Soccer players are not immune to traumatic brain injuries, according to the results of an autopsy of a young soccer player. A 29-year-old former soccer player was discovered to have chronic traumatic encephalopathy (CTE), proving that violent sports such as football and boxing are not the only sports to have athletes experiencing traumatic brain injuries.
Patrick Grange, a late member of the Chicago Fire, died in April 2012 of amyotrophic lateral sclerosis, also known as ALS or Lou Gehrig’s Disease, at the age of 29. Grange was widely recognized as the player who headed the ball frequently, and his parents Mike and Michelle recalled their son was, at 3, even eager to head the ball into the net. He also fell victim to concussions a few times, even receiving 17 stitches at one point due to a head-on collision playing a game in college.
Dr. Anne McKee of Boston University performed the exam on Grange, noting that the young man had extensive front lobal damage. While she did not say that it was Grange’s soccer playing that caused the damage, she did make it clear that Grange was an active header of the ball and that he did develop ALS. She cautioned against making any further connections between the two.
It seems as though traumatic brain injury has made its way onto the soccer pitch, as Grange is one of the first, if not the very first, soccer player to demonstrate such extensive trauma to his brain. Grange’s autopsy, coupled with the autopsy of baseball player Ryan Freel last year, has shown that cases of chronic traumatic encephalopathy have grown beyond the NFL, as previously thought. Thus far, there have been 50 NFL players autopsied, and all cases have demonstrated varying degrees of chronic traumatic encephalopathy.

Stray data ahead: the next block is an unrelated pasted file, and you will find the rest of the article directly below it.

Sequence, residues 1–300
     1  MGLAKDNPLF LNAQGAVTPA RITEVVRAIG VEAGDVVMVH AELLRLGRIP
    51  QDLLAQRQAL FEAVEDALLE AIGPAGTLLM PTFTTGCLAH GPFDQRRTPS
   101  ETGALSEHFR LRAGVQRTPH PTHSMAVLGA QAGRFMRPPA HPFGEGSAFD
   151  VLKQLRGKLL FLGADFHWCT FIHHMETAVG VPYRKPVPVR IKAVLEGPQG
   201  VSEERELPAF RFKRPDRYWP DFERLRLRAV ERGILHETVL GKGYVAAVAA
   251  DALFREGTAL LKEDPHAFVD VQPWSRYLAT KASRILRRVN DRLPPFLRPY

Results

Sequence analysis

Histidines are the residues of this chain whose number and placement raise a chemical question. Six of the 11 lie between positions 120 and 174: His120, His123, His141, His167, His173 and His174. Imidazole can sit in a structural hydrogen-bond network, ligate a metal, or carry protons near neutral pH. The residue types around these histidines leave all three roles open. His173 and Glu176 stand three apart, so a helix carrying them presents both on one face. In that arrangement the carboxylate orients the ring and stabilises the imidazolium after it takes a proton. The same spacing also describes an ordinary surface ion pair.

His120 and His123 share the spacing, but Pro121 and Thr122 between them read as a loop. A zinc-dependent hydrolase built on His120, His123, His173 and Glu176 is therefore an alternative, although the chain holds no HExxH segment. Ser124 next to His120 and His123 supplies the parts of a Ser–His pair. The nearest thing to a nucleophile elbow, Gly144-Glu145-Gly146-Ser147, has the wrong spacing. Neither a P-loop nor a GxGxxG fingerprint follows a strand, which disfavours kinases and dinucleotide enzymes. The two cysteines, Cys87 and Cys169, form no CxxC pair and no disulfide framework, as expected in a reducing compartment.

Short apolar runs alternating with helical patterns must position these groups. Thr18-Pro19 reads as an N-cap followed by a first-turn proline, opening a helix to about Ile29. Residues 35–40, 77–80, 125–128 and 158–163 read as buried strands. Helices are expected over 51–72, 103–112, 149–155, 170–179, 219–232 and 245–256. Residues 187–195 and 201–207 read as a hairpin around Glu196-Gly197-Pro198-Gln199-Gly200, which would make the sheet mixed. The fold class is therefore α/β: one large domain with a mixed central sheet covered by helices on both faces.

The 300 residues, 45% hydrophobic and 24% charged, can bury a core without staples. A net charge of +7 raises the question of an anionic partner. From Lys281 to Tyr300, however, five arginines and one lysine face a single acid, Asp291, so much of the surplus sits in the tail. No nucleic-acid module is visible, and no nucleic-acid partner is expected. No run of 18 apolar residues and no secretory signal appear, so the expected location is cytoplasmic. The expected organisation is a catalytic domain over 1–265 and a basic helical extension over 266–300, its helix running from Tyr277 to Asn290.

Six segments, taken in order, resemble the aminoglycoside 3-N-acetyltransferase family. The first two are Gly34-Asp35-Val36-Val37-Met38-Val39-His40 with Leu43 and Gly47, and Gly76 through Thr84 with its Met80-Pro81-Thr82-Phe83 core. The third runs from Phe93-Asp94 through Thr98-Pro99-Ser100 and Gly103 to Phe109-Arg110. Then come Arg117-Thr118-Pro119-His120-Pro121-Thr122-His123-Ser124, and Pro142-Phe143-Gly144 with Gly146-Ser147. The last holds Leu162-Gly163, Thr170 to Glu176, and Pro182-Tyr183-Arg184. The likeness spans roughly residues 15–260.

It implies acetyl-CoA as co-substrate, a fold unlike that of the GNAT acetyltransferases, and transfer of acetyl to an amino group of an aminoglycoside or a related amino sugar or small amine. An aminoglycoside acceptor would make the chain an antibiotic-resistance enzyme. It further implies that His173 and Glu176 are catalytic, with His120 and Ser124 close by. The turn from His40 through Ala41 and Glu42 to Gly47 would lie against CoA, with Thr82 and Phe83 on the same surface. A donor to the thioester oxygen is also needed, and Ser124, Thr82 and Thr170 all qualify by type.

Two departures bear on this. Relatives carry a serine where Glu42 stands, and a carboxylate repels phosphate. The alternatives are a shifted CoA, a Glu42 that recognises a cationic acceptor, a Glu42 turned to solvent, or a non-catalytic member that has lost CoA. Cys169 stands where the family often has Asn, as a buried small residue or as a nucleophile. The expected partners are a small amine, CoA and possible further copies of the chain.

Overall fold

Symptoms of CTE can include depression, impulse control disorders and eventually progressive dementia. The condition has also been found in several hockey players. The late rugby player Barry Taylor, who died at 77, played competitive rugby for 19 years and had been known as a hard charger on the field. His son, Steven, notes that evidence of brain trauma became quite significant in his father. At one point, his father was not even sure of his own name. When he was autopsied, it was found that Taylor’s brain was extremely shriveled, leading medical professionals to a stage 4 CTE diagnosis. Stage 4 is the most serious level of the disease.
Psychology professor Dr. Erin Bigler was unsurprised at the diagnosis of CTE in a soccer player. He says that younger players should avoid heading the ball on a regular basis, as the brain does not reach full development until the age of 25 and serious injury could result. Recent studies by the journals Radiology and Brain Injury have suggested a link between constant heading of the ball and impaired cognitive function.
It could prove difficult to convince soccer players to quit heading the ball, as the maneuver is considered by many to be an essential component of the sport. However, as evidence of brain trauma has made its way to the soccer pitch, many soccer coaches may be reconsidering how to coach their players against literally using their heads.
By Christina St-Jean